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Wine Traffic #158 For 21 Feb 2003

By Brian Vincent

Table Of Contents


This is the 158th release of the Wine's kernel cousin publication. It's main goal is to steal your lunch money and donate it to the Wine developers. It also serves to inform you of what's going on around Wine (the Un*x windows emulator).

Mailing List Stats For This Week

We looked at 211 posts in 632K.

There were 59 different contributors. 31 posted more than once. 33 posted last week too.

The top posters of the week were:

1. News: Wine-20030219, TransGaming Update, WineX Game Manager

15 Feb 2003 - 21 Feb 2003 (3 posts) Archive Link: "News"

Topics: News

People: Alexandre JulliardTransGamingFranks CornerDesktopLinuxNews

Ah yes.. that time of the month - time to uncork a new vintage:

WHAT'S NEW with Wine-20030219: (see ChangeLog for details)

  • Better dead keys support.
  • Many debugger fixes.
  • More Direct3D work.
  • Lots of bug fixes.
  • TransGaming announced an update for the Kohan series with the following notes:

    TransGaming also issued their February Development Status. They're in the midst of a big push for WineX 3.0. Development continued on both improved DCOM support (for InstallShield installers) and Direct3D. The results from January's poll of subscribers requested support for these games:

    Also related is a new WineX Game Manager that you can find over at Frank's Corner:

    Installling a Windows game using WineX must always be done from the command line. Often playing the game must also be done from the command line. WineX Game Manager makes this all a little easier, beacause it's got a graphical interface for installing and playing Windows games.

    If you use the .transgaming directory for games it can happen that the registry gets messed up and you have to reinstall everything all over again. In WineX Game Manager each game gets its own registry and own configuration file and will be installed in a subdirectory of /usr/local/games. interviewed Jim Curtain, CEO of the company that makes Win4Lin. He discusses migrating desktops to Linux and the problems associated with it. He briefly mentions Wine.

    2. TaxCut 2002

    15 Feb 2003 - 16 Feb 2003 (8 posts) Archive Link: "TaxCut and C++ exception handling"

    Topics: Fixes

    People: Ori Pessach

    Taxes.. I don't care where you live, they suck. For those of us living in the United States we have until April 15th to pay our 2002 taxes. And of course the tax code is so obscure that unless you're single, poor, and don't own anything chances are you're going to get screwed. That's where tax software comes into play. With a little luck you can complete the tax forms with a matter of a few months.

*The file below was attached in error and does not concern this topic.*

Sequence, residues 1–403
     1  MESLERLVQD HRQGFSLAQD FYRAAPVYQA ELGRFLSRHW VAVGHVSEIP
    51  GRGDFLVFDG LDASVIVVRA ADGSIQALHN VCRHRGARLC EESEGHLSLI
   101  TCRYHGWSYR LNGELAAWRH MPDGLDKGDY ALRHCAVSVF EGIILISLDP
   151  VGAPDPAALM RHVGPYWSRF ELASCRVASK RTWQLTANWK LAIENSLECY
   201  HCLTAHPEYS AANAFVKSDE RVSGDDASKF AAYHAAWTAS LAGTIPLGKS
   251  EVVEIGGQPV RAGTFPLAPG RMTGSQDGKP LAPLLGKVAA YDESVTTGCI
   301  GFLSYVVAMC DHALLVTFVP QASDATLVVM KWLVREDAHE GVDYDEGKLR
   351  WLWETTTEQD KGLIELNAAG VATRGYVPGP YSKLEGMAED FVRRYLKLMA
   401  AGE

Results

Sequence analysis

In the past I've always used Intuit's TurboTax product. This year with the advent of their new licensing scheme, not to mention the recent revelations of low-level disk manipulation, I decided to try something different. (Chances are I could have easily used the new "Save as PDF" option, but that's besides the point.) I went out and bought H & R Block's TaxCut. Supposedly it imports from last year's TurboTax just fine. The little piece of software is sitting in the trunk of my car waiting to be opened. That's why I was excited to see Ori Pessach's post:

    TaxCut seems to work almost perfectly with a native msvcrt.dll, and a copy of Comic.TTF in Windows/Fonts, by the way. The update feature fails, but everything else I've tried so far seems to work as expected - I haven't completed a return yet, though.

    Looking over the update page it has a link to a self-extracting archive that can be downloaded separately for the updates. Anyone else have any success with tax software? If you write a review of the software you used, any configuration options you had to try, etc I'll post it here. Also of interest would be stuff that doesn't work.

    3. Why Develop MSVCRT.DLL?

    15 Feb 2003 - 17 Feb 2003 (16 posts) Archive Link: "TaxCut and C++ exception handling"

    People: Ori PessachJohn HohmEric PouechDmitry Timoshkov

    In the discussion of running TaxCut, Ori asked: "

    Am I correct in assuming that a [ed. builtin] msvcrt.dll is useful mostly to people porting Windows applications to architectures other than x86?

    Since the native msvcrt.dll works with Wine, and is a redistributable, I'm not sure how useful a Wine implementation of it is going to be. Am I missing something?


    MSVCRT is the Microsoft Visual C++ Run Time library that's needed by most applications. Several people jumped in to give reasons of why it's important for Wine to have its own version. Dmitry Timoshkov pointed out that the entire goal of Wine is to implement the features necessary to ensure running on a system free of Microsoft code and for native Winelib applications. John Hohm explained recent changes with this DLL:


    It does come with recent Windows. However, many programs install an updated version of msvcrt.dll, since it is a redistributable for Microsoft Visual Studio 5 and 6. Visual Studio 7 has switched to msvcr70.dll et. al.

    As of Windows XP, msvcrt.dll is part of the operating system. It is now under system file protection, so it cannot be replaced by a normal application. Apparently as a tribute to this, they changed the description from "Microsoft (R) C Runtime Library" to "Windows NT CRT DLL".

    Some programs that don't depend on having fixes in a certain version of msvcrt.dll will depend on the version from Windows; this includes most programs developed with VC6 specifically for Windows XP, and all programs developed with recent versions of the MinGW Win32 port of GCC.